Temple University Hospital Philadelphia, Pennsylvania
Alexandra G. Selby, MD1, Ho-Man Yeung, MD1, Bhishak Kamat, MD1, Simin Dadparvar, MD1, Alyssa Goldbach, DO1, Daohai Yu, PhD, MS2, Xiaoning Lu3, Henry P. Parkman, MD, FACG1, Alan Maurer, MD, MS1; 1Temple University Hospital, Philadelphia, PA; 2Temple University School of Medicine, Philadelphia, PA; 3Temple University, Philadelphia, PA
Introduction: A small bowel transit study (SBT) evaluates the accumulation of radiolabeled meal in the terminal ileum (TI) and/or colon 6 hours after ingestion. Anatomic information is limited, often requiring that patients return for confirmatory imaging the next day. Given this inconvenience, a high nutrient liquid meal (Boost) can be given to promote passage of the radiolabeled meal into the colon to enhance visualization; however, the utility of this method is unclear. The primary aim of this study was to quantitatively determine if the administration of Boost at 6 hours facilitates visualization of the TI in equivocal cases, producing a definitive study result. Methods: This retrospective study included 117 patients undergoing SBT studies from 2/2017 to 9/2019. Two board-certified nuclear medicine radiologists independently evaluated all images (pre-Boost and post-Boost) as equivocal or definitive (i.e. normal or abnormal motility). Mutually agreed upon equivocal pre-Boost cases were included in post-Boost analysis. Post-Boost images were obtained 20 minutes after Boost administration. Any discordance was adjudicated by a third reader. The Pearson-Clopper exact method was used to calculate binomial confidence intervals for proportions. The Fisher exact test was employed to test associations between two categorical variables. Results: Of the included patients (71.8% female, median age 42.0 years) that underwent SBT studies, 37 of 117 were equivocal cases pre-Boost (31.6%, 95% CI=23.3%-40.9%) compared to 12 of 117 (10.3%, 95% CI=5.4%-17.2%) equivocal cases post-Boost. One case was excluded in subsequent analysis after adjudicator determination. Of the remaining 36 equivocal cases who received Boost, 25 (69.4%, 95% CI=51.9%-83.7%) had a definitive result after Boost, while 11 (30.6%, 95% CI=16.4%-48.1%) remained equivocal. IBS, gastroparesis, and non-early satiety cases appear to remain equivocal even after having received Boost (% equivocal: 100% vs. 24.2%, 43.5% vs. 7.7%, 41.7% vs. 8.3% compared to their counterpart; p=0.023, 0.031, 0.059, respectively). Discussion: The number of equivocal SBT cases was significantly decreased after administration of Boost at 6 hours, with a majority of cases converting to a definitive result. This suggests that some patients can complete the study without the need for repeat imaging. Boost seemed to be less effective for IBS, gastroparesis, and non-early satiety cases. Future studies exploring the cost-efficiency of using Boost should be considered.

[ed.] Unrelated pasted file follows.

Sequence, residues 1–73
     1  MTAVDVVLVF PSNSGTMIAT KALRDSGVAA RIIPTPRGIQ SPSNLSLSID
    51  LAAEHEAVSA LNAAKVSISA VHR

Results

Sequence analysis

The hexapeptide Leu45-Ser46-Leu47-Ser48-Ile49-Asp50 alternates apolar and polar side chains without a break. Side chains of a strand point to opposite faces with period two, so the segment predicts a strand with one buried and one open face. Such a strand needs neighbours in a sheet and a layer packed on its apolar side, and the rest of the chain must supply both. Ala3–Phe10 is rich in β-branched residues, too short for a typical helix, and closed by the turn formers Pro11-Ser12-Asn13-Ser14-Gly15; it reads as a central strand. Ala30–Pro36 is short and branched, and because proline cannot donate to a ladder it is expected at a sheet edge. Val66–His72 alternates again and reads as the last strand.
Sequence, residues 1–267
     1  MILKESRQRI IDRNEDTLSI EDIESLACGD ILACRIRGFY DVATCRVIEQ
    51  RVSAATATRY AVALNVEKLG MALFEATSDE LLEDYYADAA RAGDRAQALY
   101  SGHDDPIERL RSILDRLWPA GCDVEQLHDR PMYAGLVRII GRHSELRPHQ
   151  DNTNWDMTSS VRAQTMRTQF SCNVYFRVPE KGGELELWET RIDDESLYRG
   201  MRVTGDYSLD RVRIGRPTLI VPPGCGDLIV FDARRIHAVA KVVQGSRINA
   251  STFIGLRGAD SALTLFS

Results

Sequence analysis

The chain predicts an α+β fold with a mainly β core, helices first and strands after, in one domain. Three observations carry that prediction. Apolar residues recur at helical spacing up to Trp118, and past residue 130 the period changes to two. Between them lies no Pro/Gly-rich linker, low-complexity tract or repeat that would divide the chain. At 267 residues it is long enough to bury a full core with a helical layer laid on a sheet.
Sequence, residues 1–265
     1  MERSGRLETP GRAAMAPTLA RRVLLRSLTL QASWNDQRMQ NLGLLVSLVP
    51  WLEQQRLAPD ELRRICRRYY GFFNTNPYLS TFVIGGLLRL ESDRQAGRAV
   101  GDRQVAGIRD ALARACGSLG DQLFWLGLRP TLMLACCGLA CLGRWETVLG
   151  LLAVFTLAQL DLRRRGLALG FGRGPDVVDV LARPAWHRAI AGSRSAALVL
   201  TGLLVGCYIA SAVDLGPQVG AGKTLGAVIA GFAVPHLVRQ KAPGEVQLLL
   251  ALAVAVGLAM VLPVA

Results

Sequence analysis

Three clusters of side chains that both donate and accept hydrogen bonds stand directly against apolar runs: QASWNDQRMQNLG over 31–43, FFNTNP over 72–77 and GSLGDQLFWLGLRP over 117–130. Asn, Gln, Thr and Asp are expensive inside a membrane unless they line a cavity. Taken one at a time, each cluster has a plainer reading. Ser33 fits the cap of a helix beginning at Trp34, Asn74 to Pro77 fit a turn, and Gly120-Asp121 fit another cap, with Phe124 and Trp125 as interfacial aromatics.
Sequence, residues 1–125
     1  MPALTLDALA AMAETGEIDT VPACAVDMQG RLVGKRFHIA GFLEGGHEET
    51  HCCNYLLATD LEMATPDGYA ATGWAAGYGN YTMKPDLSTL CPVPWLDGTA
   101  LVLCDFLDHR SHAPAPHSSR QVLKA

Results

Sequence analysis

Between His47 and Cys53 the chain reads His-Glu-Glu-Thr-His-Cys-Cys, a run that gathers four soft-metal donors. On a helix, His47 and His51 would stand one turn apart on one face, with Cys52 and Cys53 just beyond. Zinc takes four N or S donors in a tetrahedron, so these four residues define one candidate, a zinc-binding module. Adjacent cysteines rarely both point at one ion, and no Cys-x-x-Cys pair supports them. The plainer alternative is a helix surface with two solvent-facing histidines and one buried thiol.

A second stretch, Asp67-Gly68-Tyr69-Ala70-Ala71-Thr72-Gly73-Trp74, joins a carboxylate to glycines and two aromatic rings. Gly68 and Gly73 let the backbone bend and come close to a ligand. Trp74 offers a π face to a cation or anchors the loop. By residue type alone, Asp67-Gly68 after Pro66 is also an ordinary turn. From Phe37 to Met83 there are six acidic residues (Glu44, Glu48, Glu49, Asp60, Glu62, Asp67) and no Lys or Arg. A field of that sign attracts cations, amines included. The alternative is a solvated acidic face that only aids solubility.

Disclosures: Alexandra Selby indicated no relevant financial relationships. Ho-Man Yeung indicated no relevant financial relationships. Bhishak Kamat indicated no relevant financial relationships. Simin Dadparvar indicated no relevant financial relationships. Alyssa Goldbach indicated no relevant financial relationships. Daohai Yu indicated no relevant financial relationships. Xiaoning Lu indicated no relevant financial relationships. Henry Parkman indicated no relevant financial relationships. Alan Maurer indicated no relevant financial relationships.